LeBron James

Kendrick Perkins reveals unhygienic origin of Paul Pierce-LeBron James beef

Kendrick Perkins reveals unhygienic origin of Paul Pierce-LeBron James beef

What's with the animosity between Paul Pierce and LeBron James?

We know Pierce's Boston Celtics had some heated playoff battles with James' Cleveland Cavaliers and Miami Heat back in the day and that Pierce doesn't consider LeBron a top-five NBA player, but is there more to the story here?

According to Kendrick Perkins, there certainly is.

Download the MyTeams app for the latest Celtics news and analysis

Perkins, who played with Pierce in Boston and James in Cleveland, joined ESPN's "Hoop Streams" on Thursday to reveal that the Pierce-LeBron beef goes all the way back to the preseason of James' rookie year, when the Cavs opened against the Celtics.

 

"When LeBron was coming into the league, he was getting a lot of heat from players. ... 'The Chosen One?' Wait 'til he play against grown men,' " Perkins recalled. "So, his first preseason game is against Paul Pierce."

"Paul is talking noise to the bench, right? He’s talking big noise to the Cavs bench, and they’re sitting over there, 'Bron and them, they’re all sitting over there. … Paul actually spits over there at the bench, right? The ultimate disrespect."

Needless to say, James didn't appreciate being spit at.

Listen and subscribe to the Celtics Talk Podcast:

"It ended up turning up," Perkins said. "After the game, both teams were meeting in the back. Guys was ready to fight.

" ... Ever since that moment, LeBron James and Paul Pierce hate each other. They don’t speak to each other even now, today.”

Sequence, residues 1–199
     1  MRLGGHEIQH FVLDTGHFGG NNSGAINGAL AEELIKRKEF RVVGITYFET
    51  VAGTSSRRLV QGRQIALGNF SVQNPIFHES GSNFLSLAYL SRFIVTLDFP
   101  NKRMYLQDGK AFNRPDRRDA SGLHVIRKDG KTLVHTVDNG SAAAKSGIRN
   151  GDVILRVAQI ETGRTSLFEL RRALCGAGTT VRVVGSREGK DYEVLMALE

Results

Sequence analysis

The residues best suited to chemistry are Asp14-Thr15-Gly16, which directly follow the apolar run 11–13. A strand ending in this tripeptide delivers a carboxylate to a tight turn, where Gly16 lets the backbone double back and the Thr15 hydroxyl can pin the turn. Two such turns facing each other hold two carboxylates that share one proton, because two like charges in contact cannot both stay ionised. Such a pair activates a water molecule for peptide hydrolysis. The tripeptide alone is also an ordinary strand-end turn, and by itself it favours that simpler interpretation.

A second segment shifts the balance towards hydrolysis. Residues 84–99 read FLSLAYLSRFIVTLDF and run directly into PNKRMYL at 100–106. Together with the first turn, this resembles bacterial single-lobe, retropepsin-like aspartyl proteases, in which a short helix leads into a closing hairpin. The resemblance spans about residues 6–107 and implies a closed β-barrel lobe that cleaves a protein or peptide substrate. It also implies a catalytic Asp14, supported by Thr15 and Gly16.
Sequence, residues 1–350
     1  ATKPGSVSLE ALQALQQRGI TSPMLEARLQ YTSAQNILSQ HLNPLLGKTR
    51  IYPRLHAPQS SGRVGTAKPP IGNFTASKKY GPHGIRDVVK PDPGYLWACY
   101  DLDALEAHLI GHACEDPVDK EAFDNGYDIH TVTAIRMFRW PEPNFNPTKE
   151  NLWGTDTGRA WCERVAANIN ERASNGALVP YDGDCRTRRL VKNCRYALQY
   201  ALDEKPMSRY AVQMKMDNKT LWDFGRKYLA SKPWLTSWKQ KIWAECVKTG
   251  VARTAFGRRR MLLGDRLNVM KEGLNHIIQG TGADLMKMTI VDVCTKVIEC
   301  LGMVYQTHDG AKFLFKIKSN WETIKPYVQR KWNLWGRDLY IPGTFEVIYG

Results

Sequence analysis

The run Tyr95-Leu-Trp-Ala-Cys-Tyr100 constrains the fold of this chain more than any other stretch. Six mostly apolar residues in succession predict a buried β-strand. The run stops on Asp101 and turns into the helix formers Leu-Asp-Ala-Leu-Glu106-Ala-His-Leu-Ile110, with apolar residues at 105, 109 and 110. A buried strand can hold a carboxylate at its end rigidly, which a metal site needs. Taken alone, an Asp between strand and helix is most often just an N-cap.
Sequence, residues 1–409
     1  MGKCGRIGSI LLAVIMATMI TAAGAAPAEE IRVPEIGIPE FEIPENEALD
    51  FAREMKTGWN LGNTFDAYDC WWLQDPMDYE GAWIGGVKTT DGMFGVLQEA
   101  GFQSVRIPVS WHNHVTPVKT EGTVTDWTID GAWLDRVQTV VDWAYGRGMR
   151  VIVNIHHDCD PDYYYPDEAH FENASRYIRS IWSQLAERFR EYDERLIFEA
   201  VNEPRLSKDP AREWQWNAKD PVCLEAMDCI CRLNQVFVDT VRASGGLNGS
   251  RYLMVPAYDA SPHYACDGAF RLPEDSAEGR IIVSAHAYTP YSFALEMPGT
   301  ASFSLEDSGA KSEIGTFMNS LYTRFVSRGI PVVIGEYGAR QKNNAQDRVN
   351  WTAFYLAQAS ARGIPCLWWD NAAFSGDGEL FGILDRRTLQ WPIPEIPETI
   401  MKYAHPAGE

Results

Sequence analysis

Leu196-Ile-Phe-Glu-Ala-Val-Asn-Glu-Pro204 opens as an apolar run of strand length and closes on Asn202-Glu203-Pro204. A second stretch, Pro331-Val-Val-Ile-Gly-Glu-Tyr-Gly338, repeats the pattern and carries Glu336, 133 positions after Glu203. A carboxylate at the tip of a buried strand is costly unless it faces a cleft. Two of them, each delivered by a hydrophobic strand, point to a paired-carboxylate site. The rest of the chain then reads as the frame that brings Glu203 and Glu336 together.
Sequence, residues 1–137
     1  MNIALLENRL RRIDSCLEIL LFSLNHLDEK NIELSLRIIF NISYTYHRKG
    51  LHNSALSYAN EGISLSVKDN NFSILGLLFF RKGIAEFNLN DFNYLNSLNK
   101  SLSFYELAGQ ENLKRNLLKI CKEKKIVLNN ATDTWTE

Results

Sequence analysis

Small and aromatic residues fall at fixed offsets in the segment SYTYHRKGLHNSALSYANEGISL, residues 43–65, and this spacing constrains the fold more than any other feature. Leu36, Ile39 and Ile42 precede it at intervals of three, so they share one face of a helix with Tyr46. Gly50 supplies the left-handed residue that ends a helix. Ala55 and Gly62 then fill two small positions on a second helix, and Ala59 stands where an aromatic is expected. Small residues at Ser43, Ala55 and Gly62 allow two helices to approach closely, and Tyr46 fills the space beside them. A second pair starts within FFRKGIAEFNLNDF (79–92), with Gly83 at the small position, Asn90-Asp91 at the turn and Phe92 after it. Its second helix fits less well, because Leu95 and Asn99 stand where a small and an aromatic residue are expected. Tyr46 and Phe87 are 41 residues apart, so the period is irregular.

Pierce and James met in four playoff series over a five-year span between 2008 and 2012, which surely added fuel to their rivalry. (The Celtics went 2-0 against James' Cavs but 0-2 against James' Heat.)

But Perkins' insight explains why there's a different level of hatred between The Truth and The King -- and why Pierce and his ex-Celtics teammates still hold a grudge against Ray Allen for joining James in Miami in 2012.

Paul Pierce takes heat for insisting LeBron James isn't a top-5 NBA player

Paul Pierce takes heat for insisting LeBron James isn't a top-5 NBA player

If Paul Pierce is in the news these days, it's usually for one of two reasons: 1) It's the anniversary of one of his great performances; or 2) He delivered a highly questionable basketball take.

Tuesday night brought us No. 2.

During a spirited debate on ESPN's "NBA Countdown" about the best NBA players of all time, the former Boston Celtics star listed several players who weren't LeBron James.

Download the MyTeams app for the latest Celtics news and analysis

"Bill Russell built up the organization in Boston. He should get way more credit than we give him, and a lot of times he gets left out of the conversation," Pierce said. "So in saying that, Kareem (Abdul-Jabbar), Magic (Johnson), (Michael) Jordan, Tim Duncan, Kobe (Bryant), (Larry) Bird. These guys are all-time top 10 players who either helped build up their organization or continued the tradition."

In Pierce's view, James doesn't belong in that same conversation because he loaded his championship teams with stars rather than build them from the ground up.

"He went and put together a team in Miami, and in some ways, he came back to Cleveland to put that team together, and then he went to the Lakers, where a tradition has already been made," Pierce said.